We covered part of the Urban Park and some of the surrounding streets, plus an alleyway off Victoria Avenue, which some desperate folk had been using as an emergency urinal. The ‘swag‘ we collected is shown below. Barton Hill litter pick swag

    After an hour’s sweating and tidying, the team retired to the Centre for a well-deserved brew and some biscuits. As per usual, we got a few thanks and kind smiles from passers-by.

    The crew have a well-deserved brew
  • Bristol’s environmental crime fines raised

    On Tuesday your ‘umble scribe was at a meeting of the Bristol Clean Streets Forum, which brings together community activists, council officers responsible for waste management and enforcement and the council’s own waste management company, Bristol Waste.

    A frequent plea your correspondent has been making for years was again repeated on Tuesday, namely to make greater use of the local media to deter littering, fly-tipping and other environmental crimes. as per the example of neighbouring North Somerset and South Gloucestershire Councils, who frequently have successful enforcement actions written up in the local press.

    The meeting was informed that press releases were indeed issued to highlight successful enforcement actions but the local press preferred stories from the two local authorities mentioned above to anything produced in the newsroom down the Counts Louse.

    Well, something finally happened yesterday. Bristol Live reported that the council had agreed to increase the charges imposed under its FPN scheme for environmental crimes such as littering. fly-tipping and fly-posting.

    Fly-tipping labelled with enforcement Council Aware sticker
    The Jane Street fly-tipping hotspot looking unlovely – as per usual.

    FPNs for littering will be increasing from £100 to £150, with the discount for early payment rising from £65 to £75.

    Councillors also agreed to double penalties from £200 to £400 for breaches of the “household duty of care”, which requires residents to take reasonable steps to ensure waste produced at home is only handed over to licensed waste carriers for disposal.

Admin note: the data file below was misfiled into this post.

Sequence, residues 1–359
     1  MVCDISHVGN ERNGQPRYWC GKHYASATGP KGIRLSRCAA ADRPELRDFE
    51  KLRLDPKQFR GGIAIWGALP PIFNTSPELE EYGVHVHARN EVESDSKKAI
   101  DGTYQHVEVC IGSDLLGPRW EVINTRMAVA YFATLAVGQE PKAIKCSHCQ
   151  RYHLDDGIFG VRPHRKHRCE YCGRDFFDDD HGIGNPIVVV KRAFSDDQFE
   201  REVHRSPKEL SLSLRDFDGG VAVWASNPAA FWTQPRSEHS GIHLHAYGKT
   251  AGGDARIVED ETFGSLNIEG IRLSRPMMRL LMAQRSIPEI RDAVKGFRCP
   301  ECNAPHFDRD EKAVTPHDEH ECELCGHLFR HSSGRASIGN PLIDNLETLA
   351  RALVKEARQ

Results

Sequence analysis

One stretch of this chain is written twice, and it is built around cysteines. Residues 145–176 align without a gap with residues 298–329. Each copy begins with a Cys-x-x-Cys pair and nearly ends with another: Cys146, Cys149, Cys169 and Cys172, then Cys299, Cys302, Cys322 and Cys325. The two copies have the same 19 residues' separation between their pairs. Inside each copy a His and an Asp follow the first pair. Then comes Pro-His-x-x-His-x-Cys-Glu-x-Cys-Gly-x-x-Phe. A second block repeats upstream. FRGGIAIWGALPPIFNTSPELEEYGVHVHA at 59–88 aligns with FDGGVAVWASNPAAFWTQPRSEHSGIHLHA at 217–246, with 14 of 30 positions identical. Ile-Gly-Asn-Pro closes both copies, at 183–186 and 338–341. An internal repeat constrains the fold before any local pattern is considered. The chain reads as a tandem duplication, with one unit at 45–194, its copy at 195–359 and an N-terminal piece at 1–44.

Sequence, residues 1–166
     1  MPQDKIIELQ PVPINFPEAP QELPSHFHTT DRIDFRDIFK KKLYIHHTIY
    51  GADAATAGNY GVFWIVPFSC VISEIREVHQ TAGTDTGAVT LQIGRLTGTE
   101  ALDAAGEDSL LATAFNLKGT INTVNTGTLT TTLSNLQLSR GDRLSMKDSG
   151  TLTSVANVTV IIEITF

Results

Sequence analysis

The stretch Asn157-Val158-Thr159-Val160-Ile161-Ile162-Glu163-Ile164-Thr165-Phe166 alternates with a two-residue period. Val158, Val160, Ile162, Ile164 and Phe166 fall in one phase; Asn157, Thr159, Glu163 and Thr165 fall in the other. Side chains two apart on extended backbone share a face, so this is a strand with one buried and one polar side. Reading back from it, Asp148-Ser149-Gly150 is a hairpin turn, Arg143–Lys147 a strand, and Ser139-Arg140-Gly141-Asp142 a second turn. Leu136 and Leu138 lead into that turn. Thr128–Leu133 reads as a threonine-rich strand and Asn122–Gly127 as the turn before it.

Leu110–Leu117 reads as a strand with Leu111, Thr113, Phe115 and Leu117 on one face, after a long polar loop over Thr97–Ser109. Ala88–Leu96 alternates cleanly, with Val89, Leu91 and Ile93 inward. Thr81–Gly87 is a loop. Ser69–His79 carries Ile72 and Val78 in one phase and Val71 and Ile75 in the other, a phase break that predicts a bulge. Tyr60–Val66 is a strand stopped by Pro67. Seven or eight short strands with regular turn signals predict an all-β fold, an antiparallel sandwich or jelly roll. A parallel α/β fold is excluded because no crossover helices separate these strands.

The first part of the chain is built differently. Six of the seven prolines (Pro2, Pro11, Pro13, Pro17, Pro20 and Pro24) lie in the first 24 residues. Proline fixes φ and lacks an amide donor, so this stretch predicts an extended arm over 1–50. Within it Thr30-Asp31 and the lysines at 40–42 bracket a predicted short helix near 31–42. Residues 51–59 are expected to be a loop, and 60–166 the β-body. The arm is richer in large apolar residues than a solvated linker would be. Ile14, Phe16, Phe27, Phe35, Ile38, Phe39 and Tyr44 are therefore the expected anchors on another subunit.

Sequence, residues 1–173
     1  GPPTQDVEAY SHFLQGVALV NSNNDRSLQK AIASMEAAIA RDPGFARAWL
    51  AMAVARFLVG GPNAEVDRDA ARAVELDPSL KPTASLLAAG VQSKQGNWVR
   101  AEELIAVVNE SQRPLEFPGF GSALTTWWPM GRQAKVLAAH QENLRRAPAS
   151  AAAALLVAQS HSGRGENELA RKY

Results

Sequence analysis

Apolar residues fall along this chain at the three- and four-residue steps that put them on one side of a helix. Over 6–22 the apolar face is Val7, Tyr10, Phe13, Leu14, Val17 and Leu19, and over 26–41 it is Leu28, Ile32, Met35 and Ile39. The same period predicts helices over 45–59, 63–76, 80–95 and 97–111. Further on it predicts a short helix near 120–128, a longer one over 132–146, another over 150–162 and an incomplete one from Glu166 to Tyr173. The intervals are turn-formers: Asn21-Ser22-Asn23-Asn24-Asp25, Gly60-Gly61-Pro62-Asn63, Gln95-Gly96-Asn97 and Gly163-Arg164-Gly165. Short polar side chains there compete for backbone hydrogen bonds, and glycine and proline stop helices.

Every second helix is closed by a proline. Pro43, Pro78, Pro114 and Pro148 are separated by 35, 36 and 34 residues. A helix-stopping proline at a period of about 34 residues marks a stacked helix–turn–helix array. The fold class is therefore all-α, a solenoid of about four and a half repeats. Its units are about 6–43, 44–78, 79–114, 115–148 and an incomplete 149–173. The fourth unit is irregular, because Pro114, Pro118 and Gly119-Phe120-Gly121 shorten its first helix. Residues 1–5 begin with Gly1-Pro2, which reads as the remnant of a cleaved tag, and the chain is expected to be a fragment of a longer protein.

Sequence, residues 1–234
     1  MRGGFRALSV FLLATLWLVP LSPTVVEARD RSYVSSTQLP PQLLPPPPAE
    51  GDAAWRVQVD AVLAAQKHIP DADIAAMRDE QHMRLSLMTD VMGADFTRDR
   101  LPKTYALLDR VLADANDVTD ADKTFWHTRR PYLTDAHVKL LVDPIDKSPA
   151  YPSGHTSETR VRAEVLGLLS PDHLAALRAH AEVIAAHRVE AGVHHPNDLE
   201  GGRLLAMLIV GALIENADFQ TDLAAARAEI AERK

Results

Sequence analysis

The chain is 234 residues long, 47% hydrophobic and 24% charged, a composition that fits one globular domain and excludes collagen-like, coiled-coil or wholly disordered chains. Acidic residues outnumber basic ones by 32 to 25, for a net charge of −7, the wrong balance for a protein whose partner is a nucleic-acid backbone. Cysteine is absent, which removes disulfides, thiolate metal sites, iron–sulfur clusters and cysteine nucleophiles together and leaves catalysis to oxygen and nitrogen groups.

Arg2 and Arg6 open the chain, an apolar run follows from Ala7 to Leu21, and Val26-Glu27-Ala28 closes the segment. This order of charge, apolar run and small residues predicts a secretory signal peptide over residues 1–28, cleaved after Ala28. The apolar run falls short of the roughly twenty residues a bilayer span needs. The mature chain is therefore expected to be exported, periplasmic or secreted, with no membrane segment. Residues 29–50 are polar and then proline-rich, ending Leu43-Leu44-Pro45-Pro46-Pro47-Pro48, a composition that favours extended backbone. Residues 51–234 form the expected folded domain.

Since 2017 the council has earned a surplus of £220,000 from these fines and these proceeds have been spent on measures to keep streets clean, including removing fly-posting, anti-littering campaigns, equipment to litter-picking groups, clearing graffiti and additional enforcement according to Kye Dudd, the Cabinet member for climate, ecology, waste and energy.

  • Community litter pick this Saturday

    Your ‘umble scribe will be ignoring all that nonsense in London SW1 involving Mr & Mrs Charles Mountbatten-Windsor for something far more vital to the health of the nation.

    Their bling bonnet day in Westminster unfortunately clashes with a regular event of local importance – the monthly Barton Hill community litter pick.

    Barton Hill community litter pick poster
    Stuff the coronation. This IS important!

    Last month four of us turned out for an hour’s cleaning, managing to clear several bags of litter (as well as reporting half a dozen instances of fly-tipping. Ed.), having a bit of gentle exercise with tea and coffee afterwards, all punctuated by good company and good conversation.

    The end of April's litter pick

    If you can join us outside the Wellspring Centre (formerly the Settlement) at 10.00 am on Saturday, we’d be very pleased to see you.

  • Barton Hill litter pick

    Saturday 18th March was a fine warm day and your ‘umble scribe had received an invitation from a friend Eric in the neighbouring district of Barton Hill to participate in the regular monthly community litter pick, which I’d committed to doing as I’d forgotten about the previous event due to strong drink having been taken the night before.

    At 10 am three of us – Eric, Shona and your correspondent – all equipped with gloves, litter pickers and bags all set off into the Urban Park, mainly to concentrate on clearing its fences, hedges and shrubbery of wind-blown litter – mostly plastic carrier bags and sweet and snack wrappers. – although we did encounter recyclable materials such as bottles and cans which were duly placed in separate bags. One worrying development was the large nitrous oxide catering cylinders (note to users: I have no personal beef with you wanting to have a pharmaceutically-induced giggle, but please dispose of the waste properly 😀 ).

    Group photo at the end of the litter pick
    Photo courtesy of Shona Jemphrey

    Anyway at the end of an hour that went very quickly, encouraged by smiles and kind words from passers-by, the flowers and blossom that were blooming, we’d collected 5 bags of grot for collection by Bristol Waste and retreated to the Wellspring Settlement for a cuppa before dispersing for the rest of the day.